We make quite a narrow point about clauses 50 and 51.  To some extent, it could be argued that our point is addressed, to a degree, at 54(1)(c).  Essentially, we see a divergence now between the Northern Ireland education system and that in England and Wales.  In many respects, we can probably see a divergence between Wales and England.  I believe that the revised Northern Ireland curriculum and the entitlement framework are very positive aspects of our education system in Northern Ireland, which have the potential to reflect our local needs as a society and as an economy.  It would be wrong if an external dimension, that is, the examinations and qualifications system, might subvert that.  However, it is very important that young people in Northern Ireland have qualifications that have the capacity to be compared favourably with any similar qualifications elsewhere, not just in the UK and Ireland, but across Europe and the world, and that they are portable.  Therefore — and this is where clause 54(1)(c) does not grasp this totally — it is about ensuring that any qualifications developed in Northern Ireland by CCEA are portable, transparent in their comparisons with other jurisdictions, and have the recognition around the world that we believe our education system merits. 

Those are some of many broader educational issues that we think the Committee might consider in its examination of the Bill.  There are many other strands of the Bill, but I do not think that it is for us, today, to do your job of line-by-line scrutiny of the Bill.  However, we should not lose sight of the importance of educational outcome here and the means by which we can achieve better educational outcomes.  We should also not lose sight of the means by which we have been able to improve our system over the years to bring, for instance, a recognition through the progress in international reading literacy study and trends in international mathematics and science study data, but also to ask the question:  if that is the case at primary level, why are we underperforming in comparison to other countries in relation to our post-primary outcomes, and why are the achievements of our education system not translated into a successful economy in Northern Ireland?  Those are the broader issues that we wish to bring to your attention here today.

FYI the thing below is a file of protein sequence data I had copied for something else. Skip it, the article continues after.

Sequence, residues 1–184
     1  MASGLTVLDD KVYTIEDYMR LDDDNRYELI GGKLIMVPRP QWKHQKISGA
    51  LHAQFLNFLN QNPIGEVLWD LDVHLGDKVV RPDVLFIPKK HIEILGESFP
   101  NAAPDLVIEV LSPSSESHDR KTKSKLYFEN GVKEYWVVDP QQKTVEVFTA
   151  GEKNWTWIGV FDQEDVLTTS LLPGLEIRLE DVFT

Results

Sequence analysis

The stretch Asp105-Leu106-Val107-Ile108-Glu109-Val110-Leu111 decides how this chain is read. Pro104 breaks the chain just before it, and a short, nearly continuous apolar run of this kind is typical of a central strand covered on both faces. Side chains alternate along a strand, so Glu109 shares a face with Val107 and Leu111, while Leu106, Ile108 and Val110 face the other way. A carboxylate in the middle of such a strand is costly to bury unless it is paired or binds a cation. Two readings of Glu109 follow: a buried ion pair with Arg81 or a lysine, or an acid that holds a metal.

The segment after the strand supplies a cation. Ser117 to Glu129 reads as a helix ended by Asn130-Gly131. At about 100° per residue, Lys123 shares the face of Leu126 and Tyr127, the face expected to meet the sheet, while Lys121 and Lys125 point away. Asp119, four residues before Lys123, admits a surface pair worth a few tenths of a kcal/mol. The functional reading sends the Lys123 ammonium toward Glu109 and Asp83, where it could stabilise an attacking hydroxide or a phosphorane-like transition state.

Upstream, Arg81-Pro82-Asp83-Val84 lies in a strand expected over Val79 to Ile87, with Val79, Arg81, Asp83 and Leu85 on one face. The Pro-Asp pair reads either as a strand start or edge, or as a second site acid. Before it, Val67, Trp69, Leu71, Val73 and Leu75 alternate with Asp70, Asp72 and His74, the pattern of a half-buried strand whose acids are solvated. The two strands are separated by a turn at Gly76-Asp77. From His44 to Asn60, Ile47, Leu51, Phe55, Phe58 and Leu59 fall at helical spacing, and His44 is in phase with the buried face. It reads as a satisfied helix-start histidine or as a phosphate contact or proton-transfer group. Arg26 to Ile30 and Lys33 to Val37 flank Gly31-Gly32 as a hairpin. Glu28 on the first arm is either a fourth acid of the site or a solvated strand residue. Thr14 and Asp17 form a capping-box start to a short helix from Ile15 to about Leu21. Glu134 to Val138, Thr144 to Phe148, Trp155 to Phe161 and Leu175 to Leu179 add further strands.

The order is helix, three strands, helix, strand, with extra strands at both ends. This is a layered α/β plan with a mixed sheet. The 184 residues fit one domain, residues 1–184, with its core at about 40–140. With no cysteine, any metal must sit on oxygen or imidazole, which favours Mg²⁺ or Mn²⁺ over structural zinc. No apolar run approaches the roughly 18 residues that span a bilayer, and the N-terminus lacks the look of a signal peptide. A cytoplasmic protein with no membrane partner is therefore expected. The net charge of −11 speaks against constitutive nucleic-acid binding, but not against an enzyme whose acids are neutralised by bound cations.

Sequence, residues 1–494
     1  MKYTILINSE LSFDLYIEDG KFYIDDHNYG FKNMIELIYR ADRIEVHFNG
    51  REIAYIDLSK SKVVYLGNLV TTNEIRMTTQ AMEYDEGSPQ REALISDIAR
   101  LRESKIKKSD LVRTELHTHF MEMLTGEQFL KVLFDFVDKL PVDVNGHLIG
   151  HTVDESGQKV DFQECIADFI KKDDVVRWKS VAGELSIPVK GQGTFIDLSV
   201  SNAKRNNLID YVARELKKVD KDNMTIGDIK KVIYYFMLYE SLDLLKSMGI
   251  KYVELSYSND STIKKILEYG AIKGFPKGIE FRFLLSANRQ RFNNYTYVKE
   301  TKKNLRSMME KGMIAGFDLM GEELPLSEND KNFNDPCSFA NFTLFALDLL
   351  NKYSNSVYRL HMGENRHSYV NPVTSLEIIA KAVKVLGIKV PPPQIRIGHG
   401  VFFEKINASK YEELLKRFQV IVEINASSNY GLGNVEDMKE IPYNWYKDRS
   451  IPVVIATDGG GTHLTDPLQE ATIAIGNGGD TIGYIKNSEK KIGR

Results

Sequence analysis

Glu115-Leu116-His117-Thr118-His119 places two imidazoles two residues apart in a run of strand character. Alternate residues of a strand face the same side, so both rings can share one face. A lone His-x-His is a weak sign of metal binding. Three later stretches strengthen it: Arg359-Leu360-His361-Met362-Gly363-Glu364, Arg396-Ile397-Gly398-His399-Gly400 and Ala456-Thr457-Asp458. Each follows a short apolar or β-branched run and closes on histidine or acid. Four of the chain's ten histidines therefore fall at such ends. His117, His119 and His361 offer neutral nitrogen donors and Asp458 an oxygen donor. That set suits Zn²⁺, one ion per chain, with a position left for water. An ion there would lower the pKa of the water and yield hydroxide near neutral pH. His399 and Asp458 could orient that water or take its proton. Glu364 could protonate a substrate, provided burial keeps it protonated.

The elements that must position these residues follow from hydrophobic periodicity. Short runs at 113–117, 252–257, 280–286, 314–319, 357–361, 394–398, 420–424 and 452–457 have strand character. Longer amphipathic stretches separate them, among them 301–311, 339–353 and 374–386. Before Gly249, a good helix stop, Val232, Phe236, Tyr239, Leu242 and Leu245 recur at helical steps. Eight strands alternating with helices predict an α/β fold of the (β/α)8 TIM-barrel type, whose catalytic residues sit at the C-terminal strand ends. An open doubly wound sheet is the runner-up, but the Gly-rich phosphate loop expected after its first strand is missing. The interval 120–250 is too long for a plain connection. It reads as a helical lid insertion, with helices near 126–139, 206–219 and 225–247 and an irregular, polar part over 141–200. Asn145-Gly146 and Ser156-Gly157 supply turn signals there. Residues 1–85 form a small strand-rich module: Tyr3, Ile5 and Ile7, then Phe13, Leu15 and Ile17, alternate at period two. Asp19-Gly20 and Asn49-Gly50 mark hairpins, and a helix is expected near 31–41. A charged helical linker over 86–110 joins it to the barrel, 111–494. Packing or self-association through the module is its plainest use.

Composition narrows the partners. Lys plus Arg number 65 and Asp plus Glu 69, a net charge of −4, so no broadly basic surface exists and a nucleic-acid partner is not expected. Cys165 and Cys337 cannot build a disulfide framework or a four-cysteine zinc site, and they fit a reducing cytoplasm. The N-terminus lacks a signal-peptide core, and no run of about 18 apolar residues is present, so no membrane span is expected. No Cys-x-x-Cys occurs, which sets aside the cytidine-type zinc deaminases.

I now want to refer some other matters to my colleague Gerry Lundy.

Mr Gerry Lundy (Council for Catholic Maintained Schools): I will be very brief.  Thank you for the opportunity to talk to you today.  The points that I will make are quite small, but we feel that they are important.  It goes back again to part of the presentation made by Father Tim in respect of clarity about the sector and the cohesiveness of the sector. 

The first point that I want to make refers to the membership of ESA.  We welcome that the trustees will have formal representation on the ESA board, but we would like more clarity brought to that membership.  In paragraph 2(c)(ii) of schedule 1 to the Bill, it states:

"persons appearing to the Department to represent the interests of trustees of maintained schools".


The Catholic schools are all voluntary schools, of which a percentage — the majority — are maintained schools.  We have a concern about that wording and suggest that it should change from "the interests of trustees of maintained schools" to "the interests of trustees of Catholic schools", because the trustees are trustees of Catholic voluntary grammars as well.  The Bill as it is written seems to indicate that schools or the trustees of that sector would not have any representation on ESA.

In respect of their appointment after consultation with persons or bodies appearing to the Department to represent such interests, we believe that the consultation should also be with the sectoral support body in respect of appointing that member.  That is a point that we want to make.  We also want to make a point about the appointment and consultation in respect of governors to our schools, which relates to clause 39(2).  We welcome that the relevant sectoral body has to be consulted by ESA and the board of governors on appointment of a board of governors.  We feel that there should be a duty to consult, but it should be strengthened to "consult with and have due regard to the view of the sectoral support body".  We also believe that, in all these types of consultations, there is a need for guidance on the nature of such a consultation and how it might be carried out so that it is not done on an ad hoc basis and does not vary from year to year or from sector to sector. 

Finally, I would like to revisit the comments made by Father Tim.  We feel very clearly that there is a need for a clear definition of a "Catholic school".

The Chairperson: Thank you very much.  That gives us an overview of the issues that you want to raise.  Before we go to questions, I welcome to the Committee Hannah and Oonagh from Belfast High School.  I believe that they are on work experience with Trevor and the Alliance Party.  You are very welcome to the Committee for Education.  We trust that it does not damage your education — [Laughter.] — and that it gives you a wider perspective of life within the confines of Stormont.  We wish you well in your studies and your time in work experience.